In my last post I walked you through creating a workflow based on a template (the included “Start Stopped Services” workflow.) In that post I mentioned that you might want to modify the workflow to only show services that are not in the disabled state and suggested you try to figure out how to do that on your own: Previous Post

 Let’s take a look at the previous workflow we created to see how it is structured:

 This workflow has 5 basic steps:

  1. Get all the installed services (Get-Service)
  2. Filter out all the stopped services (Where-Object)
  3. Sort the list of services in alphabetical order for display to the user (Sort-Object)
  4. Display the sorted list to the user and allow them to choose a subset of services to start (User Option)
  5. Start the services that were selected by the user (For Each Object)

 It should be obvious that if we modify the “Where-Object” task to also filter out services that are Disabled in addition to the Stopped ones we can achieve the desired result. Unfortunately, the Status property only returns two different values – “Running” and “Stopped”. We need to take a look at what other properties there are on the Get-Service task that we could use. The easiest way to do this is to just output the entire object to a file and take a look at what is there. We include two tasks with Workflow Studio that allow you to send objects to a file – “Export To CSV” and Export To XML”. Both of these tasks also include a property to auto-generate an HTML wrapper for the data so you can quickly view the data as well.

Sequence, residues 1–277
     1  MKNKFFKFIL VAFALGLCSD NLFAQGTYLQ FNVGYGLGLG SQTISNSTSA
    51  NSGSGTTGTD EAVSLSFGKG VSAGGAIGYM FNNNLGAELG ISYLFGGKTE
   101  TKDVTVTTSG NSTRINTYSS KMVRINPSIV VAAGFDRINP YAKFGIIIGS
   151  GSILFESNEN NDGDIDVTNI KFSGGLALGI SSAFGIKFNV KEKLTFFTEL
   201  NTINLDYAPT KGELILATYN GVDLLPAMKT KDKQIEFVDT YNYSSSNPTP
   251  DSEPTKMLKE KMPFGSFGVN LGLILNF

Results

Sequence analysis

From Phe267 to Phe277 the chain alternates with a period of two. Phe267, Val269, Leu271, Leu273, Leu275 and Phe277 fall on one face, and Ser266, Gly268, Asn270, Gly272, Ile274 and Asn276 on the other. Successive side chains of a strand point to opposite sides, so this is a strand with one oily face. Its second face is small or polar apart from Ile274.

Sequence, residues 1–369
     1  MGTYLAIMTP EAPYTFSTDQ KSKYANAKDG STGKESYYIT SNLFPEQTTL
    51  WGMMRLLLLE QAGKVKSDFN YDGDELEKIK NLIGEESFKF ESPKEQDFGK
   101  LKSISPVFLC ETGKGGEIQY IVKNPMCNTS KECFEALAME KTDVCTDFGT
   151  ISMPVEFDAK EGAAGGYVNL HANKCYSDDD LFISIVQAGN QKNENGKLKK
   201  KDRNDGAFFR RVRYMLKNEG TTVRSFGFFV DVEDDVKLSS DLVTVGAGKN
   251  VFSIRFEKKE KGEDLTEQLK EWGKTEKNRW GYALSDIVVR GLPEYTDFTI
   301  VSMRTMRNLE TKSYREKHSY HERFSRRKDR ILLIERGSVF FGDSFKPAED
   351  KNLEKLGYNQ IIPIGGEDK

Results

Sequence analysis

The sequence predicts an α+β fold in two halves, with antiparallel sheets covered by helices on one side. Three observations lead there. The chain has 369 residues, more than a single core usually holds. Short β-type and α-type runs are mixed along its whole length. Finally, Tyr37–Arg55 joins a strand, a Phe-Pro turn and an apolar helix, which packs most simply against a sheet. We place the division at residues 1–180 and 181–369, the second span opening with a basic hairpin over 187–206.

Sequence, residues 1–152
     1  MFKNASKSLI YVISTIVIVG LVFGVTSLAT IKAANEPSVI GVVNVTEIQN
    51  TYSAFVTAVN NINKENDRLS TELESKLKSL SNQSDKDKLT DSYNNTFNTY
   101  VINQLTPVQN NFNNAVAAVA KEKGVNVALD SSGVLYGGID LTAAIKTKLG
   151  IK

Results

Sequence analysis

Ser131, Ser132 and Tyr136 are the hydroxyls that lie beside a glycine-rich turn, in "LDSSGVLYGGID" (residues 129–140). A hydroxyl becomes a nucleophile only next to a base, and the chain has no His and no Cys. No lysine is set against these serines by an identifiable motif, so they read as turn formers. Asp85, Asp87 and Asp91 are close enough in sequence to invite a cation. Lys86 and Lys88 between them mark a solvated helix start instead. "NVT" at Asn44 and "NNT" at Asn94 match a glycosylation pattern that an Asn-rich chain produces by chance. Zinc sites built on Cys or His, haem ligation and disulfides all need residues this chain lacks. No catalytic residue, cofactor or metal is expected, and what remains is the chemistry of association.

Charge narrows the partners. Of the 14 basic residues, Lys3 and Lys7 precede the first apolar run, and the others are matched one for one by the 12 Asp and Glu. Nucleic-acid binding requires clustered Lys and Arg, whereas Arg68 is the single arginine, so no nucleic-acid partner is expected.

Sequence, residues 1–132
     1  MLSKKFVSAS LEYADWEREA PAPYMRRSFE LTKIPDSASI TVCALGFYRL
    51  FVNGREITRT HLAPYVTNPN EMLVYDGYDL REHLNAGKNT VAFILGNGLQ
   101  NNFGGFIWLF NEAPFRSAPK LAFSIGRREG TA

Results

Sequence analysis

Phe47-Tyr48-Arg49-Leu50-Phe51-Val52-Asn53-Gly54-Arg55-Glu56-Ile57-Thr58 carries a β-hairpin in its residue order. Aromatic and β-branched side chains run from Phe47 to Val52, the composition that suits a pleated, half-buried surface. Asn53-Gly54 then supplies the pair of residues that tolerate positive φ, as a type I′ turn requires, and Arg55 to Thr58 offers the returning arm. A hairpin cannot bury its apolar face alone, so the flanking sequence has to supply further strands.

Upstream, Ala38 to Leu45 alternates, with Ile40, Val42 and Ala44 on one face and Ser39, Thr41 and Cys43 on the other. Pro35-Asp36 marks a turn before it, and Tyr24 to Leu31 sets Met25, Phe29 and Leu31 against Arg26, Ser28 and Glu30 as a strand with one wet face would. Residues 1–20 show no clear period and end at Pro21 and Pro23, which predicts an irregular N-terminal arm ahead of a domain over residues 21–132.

To use this debugging technique, just add the additional task from the Input/Output folder (either CSV or XML) and connect it to the “Get-Service” task:

 There is no need to delete the other tasks as Workflow Studio will only run the tasks that are connected in the workflow. On the newly added task you will have to set the “Input Variable” property to “$Services” and the “Output XML File” property to a valid local path and pick a filename. I also set the “Save As HTML” and “Show HTML” properties to TRUE so that I get an immediate, readable HTML report of the object like this:

 If you have followed along this far I hope that this helps you understand how you can output objects to a file for debugging purposes (or you may need to do it to provide files to other processes.) When you look at the properties that are available from the Get-Service task you will find that there is not a property available that will allow you to determine if a service is Disabled. The Get-Service task is based directly on the Get-Service PowerShell cmdlet and this is a limitation of that cmdlet. So we went through this whole process and have hit a dead end with our goal of filtering out disabled services. Next time I will provide the solution to this problem, but in the mean time here is a good hint: